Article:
That kicked off a long period – from the mid-50s right until the fall of the Berlin Wall – in which home ownership increased, before staying roughly flat at 70 per cent of the population from 1991 to 2001.

But over the course of the next decade, for the first time in over a hundred years, the proportion of owner-occupiers went to into reverse. Just 64 percent of households were owner-occupier in 2011. No-one seriously believes that number will have gone anywhere other than down by the time of the next census in 2021. Most troublingly, in London – which, for the most part, gives us a fairly accurate idea of what the demographics of Britain as a whole will be in 30 years’ time – more than half of households are now renters.

What’s gone wrong?

In short, property prices have shot out of reach of increasing numbers of people. The British housing market increasingly gets a failing grade at “Social Contract 101”: could someone, without a backstop of parental or family capital, entering the workforce today, working full-time, seriously hope to retire in 50 years in their own home with their mortgage paid off?

It’s useful to compare and contrast the policy levers of those two Old Etonians, Eden and Cameron. Cameron, so far, has favoured demand-side solutions: Help to Buy and the new Help to Buy ISA.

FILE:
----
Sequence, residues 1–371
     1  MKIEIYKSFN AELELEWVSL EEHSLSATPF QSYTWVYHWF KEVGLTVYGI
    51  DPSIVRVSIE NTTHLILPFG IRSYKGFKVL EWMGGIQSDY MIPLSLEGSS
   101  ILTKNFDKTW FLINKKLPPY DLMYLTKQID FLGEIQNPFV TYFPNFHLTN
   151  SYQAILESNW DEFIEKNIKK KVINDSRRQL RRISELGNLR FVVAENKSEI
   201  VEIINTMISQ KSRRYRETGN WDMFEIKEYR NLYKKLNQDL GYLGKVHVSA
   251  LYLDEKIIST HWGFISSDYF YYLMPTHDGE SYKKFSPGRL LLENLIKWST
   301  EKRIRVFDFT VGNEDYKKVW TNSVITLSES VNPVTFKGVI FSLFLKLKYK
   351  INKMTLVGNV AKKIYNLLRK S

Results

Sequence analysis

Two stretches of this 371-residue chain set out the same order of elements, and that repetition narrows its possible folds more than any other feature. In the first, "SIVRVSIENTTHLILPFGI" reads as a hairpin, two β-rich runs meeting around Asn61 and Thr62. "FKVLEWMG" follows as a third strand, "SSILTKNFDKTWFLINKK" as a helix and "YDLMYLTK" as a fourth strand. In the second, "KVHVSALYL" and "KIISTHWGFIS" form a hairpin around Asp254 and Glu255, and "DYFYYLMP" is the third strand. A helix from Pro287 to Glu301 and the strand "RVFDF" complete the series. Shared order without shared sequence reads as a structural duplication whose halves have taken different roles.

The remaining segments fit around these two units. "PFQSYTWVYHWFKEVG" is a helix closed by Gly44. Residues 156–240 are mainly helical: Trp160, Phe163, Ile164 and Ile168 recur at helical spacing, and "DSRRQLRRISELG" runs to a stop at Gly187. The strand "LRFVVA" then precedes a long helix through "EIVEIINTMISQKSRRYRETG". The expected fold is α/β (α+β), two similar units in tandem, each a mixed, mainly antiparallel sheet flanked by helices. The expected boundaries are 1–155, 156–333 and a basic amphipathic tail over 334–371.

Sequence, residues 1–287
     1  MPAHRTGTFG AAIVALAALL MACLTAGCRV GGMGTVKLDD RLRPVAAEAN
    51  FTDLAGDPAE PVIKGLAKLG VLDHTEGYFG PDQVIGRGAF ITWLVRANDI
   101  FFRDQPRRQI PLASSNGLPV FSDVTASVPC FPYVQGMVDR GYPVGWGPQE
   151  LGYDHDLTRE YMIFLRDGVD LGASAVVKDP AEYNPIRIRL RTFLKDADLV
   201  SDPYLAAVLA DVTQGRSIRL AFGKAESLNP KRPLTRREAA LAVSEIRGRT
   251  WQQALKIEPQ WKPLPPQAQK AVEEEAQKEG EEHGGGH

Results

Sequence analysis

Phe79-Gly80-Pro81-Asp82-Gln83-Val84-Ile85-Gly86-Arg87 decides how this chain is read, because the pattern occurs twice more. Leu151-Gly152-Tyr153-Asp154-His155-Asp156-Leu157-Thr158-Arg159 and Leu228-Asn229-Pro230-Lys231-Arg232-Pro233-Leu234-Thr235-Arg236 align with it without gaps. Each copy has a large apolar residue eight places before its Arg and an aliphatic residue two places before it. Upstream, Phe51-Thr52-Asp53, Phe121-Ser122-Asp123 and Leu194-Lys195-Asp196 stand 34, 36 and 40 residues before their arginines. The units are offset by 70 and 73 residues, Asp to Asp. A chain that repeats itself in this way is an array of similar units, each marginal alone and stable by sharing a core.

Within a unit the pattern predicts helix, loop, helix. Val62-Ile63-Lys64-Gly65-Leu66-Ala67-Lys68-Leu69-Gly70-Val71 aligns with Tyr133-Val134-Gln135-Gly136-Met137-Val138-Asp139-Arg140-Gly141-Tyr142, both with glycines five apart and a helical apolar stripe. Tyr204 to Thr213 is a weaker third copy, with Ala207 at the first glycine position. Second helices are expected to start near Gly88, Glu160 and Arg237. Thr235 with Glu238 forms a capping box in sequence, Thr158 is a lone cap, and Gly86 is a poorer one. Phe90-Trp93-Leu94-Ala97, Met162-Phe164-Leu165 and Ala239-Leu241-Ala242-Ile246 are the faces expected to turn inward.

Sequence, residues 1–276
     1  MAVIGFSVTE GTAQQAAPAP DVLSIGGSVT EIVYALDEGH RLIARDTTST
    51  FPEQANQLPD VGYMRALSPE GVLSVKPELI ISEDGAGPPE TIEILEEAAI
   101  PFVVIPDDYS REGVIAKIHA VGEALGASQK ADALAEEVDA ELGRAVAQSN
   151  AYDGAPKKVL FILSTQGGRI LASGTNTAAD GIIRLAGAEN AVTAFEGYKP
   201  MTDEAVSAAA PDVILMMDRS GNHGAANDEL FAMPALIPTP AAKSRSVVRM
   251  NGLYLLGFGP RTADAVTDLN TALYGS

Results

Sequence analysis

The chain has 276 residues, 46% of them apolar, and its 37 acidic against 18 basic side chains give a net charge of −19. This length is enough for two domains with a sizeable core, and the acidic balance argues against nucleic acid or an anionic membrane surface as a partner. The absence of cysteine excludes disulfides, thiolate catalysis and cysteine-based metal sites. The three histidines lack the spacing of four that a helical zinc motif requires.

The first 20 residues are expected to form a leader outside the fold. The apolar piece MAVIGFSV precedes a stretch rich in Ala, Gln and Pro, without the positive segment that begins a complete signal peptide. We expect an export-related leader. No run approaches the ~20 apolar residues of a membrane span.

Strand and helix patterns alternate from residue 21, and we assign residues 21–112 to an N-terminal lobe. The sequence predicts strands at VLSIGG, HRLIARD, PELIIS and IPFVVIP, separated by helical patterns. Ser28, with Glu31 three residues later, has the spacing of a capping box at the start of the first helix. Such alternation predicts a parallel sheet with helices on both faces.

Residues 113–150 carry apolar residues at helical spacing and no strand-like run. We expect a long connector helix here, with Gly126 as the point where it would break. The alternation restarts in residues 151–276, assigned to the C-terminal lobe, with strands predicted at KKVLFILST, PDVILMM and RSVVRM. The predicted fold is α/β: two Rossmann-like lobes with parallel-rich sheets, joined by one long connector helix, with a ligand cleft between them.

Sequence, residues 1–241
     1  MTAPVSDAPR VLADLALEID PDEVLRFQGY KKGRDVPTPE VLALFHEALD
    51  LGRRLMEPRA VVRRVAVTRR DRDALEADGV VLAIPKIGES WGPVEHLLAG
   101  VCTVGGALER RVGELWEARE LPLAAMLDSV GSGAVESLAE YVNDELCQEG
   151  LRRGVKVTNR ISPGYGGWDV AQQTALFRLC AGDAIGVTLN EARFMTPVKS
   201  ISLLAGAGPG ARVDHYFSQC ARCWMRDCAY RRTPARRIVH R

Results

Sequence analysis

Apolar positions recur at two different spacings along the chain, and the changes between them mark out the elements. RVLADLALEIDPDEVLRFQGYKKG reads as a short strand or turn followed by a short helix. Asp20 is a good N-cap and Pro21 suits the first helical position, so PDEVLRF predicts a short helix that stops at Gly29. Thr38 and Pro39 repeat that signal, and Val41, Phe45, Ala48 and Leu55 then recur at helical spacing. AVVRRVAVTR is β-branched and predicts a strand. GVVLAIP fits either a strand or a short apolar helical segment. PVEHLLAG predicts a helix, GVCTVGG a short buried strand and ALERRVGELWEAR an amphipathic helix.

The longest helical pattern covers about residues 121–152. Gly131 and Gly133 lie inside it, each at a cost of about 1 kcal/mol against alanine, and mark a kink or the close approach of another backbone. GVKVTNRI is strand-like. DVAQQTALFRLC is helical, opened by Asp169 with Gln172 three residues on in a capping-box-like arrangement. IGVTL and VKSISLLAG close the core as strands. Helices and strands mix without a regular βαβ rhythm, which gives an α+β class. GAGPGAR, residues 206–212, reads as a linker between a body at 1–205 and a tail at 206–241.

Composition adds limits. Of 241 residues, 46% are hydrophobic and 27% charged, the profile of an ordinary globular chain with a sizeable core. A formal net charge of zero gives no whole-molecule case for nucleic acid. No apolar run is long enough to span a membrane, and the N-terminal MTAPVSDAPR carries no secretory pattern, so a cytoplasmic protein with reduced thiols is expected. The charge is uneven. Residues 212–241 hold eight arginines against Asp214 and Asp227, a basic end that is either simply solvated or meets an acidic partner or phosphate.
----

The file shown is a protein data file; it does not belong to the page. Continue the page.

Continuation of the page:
To take the second, newer of those two policy innovations first: the Help to Buy ISA. Does it work?

Well, if you are a pre-existing saver – you can’t use the Help to Buy ISA for another tax year. And you have to stop putting money into any existing ISAs. So anyone putting a little aside at the moment – not going to feel the benefit of a Help to Buy ISA.

And anyone solely reliant on a Help to Buy ISA – the most you can benefit from, if you are single, it is an extra three grand from the government. This is not going to shift any houses any time soon.

What it is is a bung for the only working-age demographic to have done well out of the Coalition: dual-earner couples with no children earning above average income.

What about Help to Buy itself? At the margins, Help to Buy is helping some people achieve completions – while driving up the big disincentive to home ownership in the shape of prices – and creating sub-prime style risks for the taxpayer in future.

Eden, in contrast, preferred supply-side policies: his government, like every peacetime government from Baldwin until Thatcher’s it was a housebuilding government.

Why are house prices so high? Because there aren’t enough of them. The sector is over-regulated, underprovided, there isn’t enough housing either for social lets or for buyers. And until today’s Conservatives rediscover the spirit of Eden, that is unlikely to change.

I was at a Conservative party fringe (I was on the far left, both in terms of seating and politics).This is what I said, minus the ums, the ahs, and the moment my screensaver kicked in.

Stephen Bush is editor of the Staggers, the New Statesman’s political blog.